Islamist rule in Egypt fails, says Syria’s Assad

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Syrian President Bashar al-Assad has said that massive protests against his Islamist Egyptian counterpart has spelt the end of “political Islam,” in statements posted on Wednesday on his official Facebook page.

“What is happening in Egypt is the fall of what is known as political Islam,” Assad said in an interview with Syrian state newspaper Ath-Thawra, excerpts of which were posted on the Internet.

“Anywhere in the world, whoever uses religion for political aims, or to benefit some and not others, will fall,” Assad said.

The full interview is due to be published on Thursday.

Earlier on Wednesday Information Minister Omran al-Zohbi said Mursi's departure is key to solving Egypt's crisis.

There is long-standing animosity between the Damascus regime and the Muslim Brotherhood, and membership in the group has been punishable by death in Syria since the 1980s.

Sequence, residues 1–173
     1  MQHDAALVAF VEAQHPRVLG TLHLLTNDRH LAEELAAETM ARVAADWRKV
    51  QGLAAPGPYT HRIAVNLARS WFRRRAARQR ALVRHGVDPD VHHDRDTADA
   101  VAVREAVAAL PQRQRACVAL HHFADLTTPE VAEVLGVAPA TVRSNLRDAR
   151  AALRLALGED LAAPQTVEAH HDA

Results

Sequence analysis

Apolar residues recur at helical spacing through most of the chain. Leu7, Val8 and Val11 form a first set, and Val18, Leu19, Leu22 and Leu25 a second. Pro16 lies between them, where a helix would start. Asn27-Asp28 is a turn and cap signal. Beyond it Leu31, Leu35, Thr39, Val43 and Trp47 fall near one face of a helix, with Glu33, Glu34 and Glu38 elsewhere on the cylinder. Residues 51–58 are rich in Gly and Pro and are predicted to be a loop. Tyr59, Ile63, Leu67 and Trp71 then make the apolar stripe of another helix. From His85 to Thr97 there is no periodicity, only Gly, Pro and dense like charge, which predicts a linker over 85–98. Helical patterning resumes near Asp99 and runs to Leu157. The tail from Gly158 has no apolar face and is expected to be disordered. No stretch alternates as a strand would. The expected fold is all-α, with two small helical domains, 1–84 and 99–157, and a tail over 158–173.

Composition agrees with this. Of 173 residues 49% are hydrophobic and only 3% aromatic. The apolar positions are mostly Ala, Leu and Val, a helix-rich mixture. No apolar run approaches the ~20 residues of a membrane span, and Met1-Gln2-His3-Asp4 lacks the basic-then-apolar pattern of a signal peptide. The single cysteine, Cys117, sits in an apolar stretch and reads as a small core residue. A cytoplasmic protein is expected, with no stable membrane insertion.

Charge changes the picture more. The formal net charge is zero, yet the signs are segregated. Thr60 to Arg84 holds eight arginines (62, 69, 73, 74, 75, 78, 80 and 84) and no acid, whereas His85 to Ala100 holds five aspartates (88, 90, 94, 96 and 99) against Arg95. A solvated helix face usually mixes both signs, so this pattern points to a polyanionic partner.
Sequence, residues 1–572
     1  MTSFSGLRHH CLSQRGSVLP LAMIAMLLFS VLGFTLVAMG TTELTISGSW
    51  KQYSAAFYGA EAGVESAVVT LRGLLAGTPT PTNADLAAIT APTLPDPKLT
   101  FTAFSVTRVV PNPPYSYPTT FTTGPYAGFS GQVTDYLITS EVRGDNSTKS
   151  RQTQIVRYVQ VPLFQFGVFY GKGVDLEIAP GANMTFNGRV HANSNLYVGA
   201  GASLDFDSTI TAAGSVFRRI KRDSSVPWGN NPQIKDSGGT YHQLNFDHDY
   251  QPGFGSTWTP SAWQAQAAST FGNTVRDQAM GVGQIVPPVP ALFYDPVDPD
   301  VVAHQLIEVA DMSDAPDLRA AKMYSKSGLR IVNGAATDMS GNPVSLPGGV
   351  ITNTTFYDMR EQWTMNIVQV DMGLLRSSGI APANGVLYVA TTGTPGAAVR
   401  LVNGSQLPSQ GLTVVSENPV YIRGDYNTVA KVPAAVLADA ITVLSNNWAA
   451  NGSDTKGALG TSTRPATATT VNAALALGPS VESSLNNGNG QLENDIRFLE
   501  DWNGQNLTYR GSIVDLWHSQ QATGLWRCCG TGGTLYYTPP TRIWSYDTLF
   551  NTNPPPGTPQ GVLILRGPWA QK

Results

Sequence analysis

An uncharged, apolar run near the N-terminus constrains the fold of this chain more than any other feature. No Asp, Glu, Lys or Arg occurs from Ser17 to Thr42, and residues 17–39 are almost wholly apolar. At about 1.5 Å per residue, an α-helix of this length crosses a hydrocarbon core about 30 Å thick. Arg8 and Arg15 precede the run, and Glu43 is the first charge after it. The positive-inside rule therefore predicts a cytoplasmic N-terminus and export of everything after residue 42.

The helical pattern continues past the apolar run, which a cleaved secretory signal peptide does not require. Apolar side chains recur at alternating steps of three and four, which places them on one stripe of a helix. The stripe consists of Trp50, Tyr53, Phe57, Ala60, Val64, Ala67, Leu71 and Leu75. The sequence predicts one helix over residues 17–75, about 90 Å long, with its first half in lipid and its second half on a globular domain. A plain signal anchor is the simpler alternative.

The Syrian branch of the Brotherhood today plays a key role in the exiled opposition National Coalition, which is recognized by more than 100 states and organizations as legitimate representative of the Syrian people.

Egypt is Sunni Muslim, as are the vast majority of rebels fighting to overthrow Assad whose Alawite sect is an offshoot of Shiite Islam.

Mursi last month announced severing ties with the Damascus regime and has repeatedly called on Assad to step down.

Syria's conflict broke out after Assad's regime unleashed a brutal crackdown on a popular movement for regime change that broke out in March 2011.

More than 100,000 people have been killed in Syria's war, says the Syrian Observatory for Human Rights.

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